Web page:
“Never again”: the cost to taxpayers of the Tui oilfield clean-up balloons at $ 349 million

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The cost to taxpayers of decommissioning the Tui oil field off Taranaki more than doubled to $ 394 million, Energy Minister Megan Woods confirmed.

But Woods told a select committee on Thursday that she was determined the situation would not happen again.

Malaysian company Tamarind Taranaki purchased the Tui field towards the end of its life in 2017 to extract the remaining oil, while taking responsibility for decommissioning.

But the government was forced to take over the oilfield last year and foot the bill for the cleanup after production ceased on the spot and Tamarind Taranaki fell into receivership.

READ MORE:
* Iwi partnership to facilitate the plugging of the Tui oil field
* Tamarind Taranaki’s collapse leads to liquidation of offshore oilfield supply company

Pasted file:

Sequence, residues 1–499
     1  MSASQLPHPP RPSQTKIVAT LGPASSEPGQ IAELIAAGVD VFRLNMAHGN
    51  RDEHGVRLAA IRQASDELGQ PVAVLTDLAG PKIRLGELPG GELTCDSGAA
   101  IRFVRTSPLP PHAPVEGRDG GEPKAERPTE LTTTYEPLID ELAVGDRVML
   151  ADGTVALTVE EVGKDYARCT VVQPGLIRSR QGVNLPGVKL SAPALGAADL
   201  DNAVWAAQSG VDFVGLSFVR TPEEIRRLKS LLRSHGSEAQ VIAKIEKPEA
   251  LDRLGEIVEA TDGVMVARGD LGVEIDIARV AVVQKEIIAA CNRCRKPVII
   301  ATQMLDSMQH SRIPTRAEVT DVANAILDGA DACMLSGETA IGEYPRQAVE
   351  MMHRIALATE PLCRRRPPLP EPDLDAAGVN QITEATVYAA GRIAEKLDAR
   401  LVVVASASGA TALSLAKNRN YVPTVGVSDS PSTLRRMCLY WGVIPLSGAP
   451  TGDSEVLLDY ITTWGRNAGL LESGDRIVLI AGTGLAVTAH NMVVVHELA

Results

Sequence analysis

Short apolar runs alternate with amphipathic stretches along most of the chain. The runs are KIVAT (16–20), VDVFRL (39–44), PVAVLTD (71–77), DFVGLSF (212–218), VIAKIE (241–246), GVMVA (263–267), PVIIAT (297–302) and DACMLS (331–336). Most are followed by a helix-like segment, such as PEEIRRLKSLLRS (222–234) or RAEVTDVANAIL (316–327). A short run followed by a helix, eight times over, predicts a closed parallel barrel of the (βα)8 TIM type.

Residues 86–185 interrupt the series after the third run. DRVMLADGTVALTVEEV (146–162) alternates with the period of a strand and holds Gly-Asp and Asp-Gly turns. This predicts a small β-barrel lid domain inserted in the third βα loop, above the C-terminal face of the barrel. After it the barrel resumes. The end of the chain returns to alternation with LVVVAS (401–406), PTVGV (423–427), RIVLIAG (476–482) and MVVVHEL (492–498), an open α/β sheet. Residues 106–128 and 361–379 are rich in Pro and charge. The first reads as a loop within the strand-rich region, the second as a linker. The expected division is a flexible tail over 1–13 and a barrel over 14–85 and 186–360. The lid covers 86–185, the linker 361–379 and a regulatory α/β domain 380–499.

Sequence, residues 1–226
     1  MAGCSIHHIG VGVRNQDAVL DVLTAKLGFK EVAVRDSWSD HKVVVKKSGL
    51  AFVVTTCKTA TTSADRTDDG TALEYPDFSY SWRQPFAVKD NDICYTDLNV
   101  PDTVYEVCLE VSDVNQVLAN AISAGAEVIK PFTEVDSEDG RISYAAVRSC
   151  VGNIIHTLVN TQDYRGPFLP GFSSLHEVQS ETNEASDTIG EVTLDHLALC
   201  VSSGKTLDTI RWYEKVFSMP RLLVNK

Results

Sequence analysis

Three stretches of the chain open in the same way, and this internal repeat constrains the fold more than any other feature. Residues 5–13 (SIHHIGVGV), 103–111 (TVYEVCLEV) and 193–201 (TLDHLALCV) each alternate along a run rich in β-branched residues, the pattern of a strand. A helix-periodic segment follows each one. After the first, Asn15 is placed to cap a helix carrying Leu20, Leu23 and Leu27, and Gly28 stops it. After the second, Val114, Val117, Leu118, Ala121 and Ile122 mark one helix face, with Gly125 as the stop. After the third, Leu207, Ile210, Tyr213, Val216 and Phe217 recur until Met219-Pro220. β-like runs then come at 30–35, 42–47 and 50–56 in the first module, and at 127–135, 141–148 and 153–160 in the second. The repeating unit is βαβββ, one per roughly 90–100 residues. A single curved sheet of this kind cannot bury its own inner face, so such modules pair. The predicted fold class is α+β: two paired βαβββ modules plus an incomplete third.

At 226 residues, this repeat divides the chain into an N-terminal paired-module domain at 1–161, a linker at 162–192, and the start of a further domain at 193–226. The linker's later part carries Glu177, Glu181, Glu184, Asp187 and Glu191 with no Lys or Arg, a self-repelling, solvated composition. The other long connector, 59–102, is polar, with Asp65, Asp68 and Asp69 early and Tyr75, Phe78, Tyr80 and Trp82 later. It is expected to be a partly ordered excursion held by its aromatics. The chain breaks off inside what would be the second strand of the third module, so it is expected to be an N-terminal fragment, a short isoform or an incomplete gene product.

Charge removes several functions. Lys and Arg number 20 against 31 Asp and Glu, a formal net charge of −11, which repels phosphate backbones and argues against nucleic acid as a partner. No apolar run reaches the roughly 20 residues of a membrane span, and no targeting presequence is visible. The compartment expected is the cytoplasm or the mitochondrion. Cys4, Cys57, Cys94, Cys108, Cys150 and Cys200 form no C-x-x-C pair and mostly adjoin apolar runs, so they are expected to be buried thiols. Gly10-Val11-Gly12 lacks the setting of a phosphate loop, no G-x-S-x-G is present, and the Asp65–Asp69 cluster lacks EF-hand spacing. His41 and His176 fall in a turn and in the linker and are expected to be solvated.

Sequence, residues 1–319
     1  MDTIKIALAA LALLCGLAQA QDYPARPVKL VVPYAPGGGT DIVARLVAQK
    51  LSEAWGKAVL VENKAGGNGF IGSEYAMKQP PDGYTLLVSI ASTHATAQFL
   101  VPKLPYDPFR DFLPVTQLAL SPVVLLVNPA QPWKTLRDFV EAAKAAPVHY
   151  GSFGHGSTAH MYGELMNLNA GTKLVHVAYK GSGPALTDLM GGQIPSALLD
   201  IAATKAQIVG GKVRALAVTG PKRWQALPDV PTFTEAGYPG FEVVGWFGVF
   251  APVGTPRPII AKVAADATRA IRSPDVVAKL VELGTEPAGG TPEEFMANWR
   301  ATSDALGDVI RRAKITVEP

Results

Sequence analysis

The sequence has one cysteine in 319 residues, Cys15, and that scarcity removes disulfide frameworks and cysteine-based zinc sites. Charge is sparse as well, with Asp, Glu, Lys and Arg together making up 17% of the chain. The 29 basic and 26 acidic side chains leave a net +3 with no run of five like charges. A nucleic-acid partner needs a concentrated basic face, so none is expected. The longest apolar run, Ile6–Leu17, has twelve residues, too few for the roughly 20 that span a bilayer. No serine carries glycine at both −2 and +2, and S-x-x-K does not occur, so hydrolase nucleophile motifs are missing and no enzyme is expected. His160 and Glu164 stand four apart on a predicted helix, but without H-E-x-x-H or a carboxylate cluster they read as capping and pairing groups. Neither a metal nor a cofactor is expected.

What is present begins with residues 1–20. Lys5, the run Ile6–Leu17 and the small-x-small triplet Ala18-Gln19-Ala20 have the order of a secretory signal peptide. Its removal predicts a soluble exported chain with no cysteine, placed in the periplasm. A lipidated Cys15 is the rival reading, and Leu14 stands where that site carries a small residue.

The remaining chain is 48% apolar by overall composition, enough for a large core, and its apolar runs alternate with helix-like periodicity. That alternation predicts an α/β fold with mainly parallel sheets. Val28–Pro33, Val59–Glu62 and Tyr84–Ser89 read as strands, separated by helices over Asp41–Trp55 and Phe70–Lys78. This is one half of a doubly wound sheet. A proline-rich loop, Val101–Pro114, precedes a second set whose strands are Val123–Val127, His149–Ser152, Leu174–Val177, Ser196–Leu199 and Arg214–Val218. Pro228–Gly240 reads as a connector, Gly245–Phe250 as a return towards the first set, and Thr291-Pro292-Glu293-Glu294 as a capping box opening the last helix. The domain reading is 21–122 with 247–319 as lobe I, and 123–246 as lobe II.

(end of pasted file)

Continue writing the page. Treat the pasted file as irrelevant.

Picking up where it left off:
* Tamarind Taranaki said to stop pumping oil from the offshore field until the conditions are right
* Crown could pay $ 155 million bill to decommission Taranaki oilfield

The government set aside $ 154 million last year to pay for the work.

But Woods said he had to set aside an additional $ 195 million in this year’s budget because the original cost estimate was based on a 2015 Tamarind study that turned out to be inaccurate.

Energy Minister Megan Woods said a change in law means there should be no repeat of what happened in Tui, pictured above while drilling in 2007.

Mark Dwyer / Stuff

Energy Minister Megan Woods said a change in law means there should be no repeat of what happened in Tui, pictured above while drilling in 2007.

“What we have seen is that the costs are significantly higher than that,” she said.

A spokeswoman for the minister confirmed that the bill is now estimated at $ 349 million.

“This is a situation we never want to find ourselves in again,” Woods told MPs.

“This is a situation that was created because of a loophole in the legislation that we filled when we became government,” she said.

The difference meant that the same level of control was not applied when transferring ownership of an oilfield as that applied when an operator initially applied for a drilling permit.

“We changed the law in 2018 to make sure we never found ourselves in this situation again,” Woods said.



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